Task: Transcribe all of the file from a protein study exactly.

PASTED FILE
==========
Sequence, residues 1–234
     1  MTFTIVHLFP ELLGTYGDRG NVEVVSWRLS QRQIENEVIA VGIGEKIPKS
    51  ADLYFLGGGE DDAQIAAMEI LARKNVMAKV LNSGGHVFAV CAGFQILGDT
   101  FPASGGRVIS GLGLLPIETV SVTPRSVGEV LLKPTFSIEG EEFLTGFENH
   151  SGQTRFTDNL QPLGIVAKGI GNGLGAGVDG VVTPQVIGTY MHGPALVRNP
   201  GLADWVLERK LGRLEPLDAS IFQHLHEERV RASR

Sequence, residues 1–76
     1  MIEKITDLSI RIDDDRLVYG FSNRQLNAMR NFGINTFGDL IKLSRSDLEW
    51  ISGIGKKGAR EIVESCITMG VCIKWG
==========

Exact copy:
Sequence, residues 1–234
     1  MTFTIVHLFP ELLGTYGDRG NVEVVSWRLS QRQIENEVIA VGIGEKIPKS
    51  ADLYFLGGGE DDAQIAAMEI LARKNVMAKV LNSGGHVFAV CAGFQILGDT
   101  FPASGGRVIS GLGLLPIETV SVTPRSVGEV LLKPTFSIEG EEFLTGFENH
   151  SGQTRFTDNL QPLGIVAKGI GNGLGAGVDG VVTPQVIGTY MHGPALVRNP
   201  GLADWVLERK LGRLEPLDAS IFQHLHEERV RASR

Sequence, residues 1–76
     1  MIEKITDLSI RIDDDRLVYG FSNRQLNAMR NFGINTFGDL IKLSRSDLEW
    51  ISGIGKKGAR EIVESCITMG VCIKWG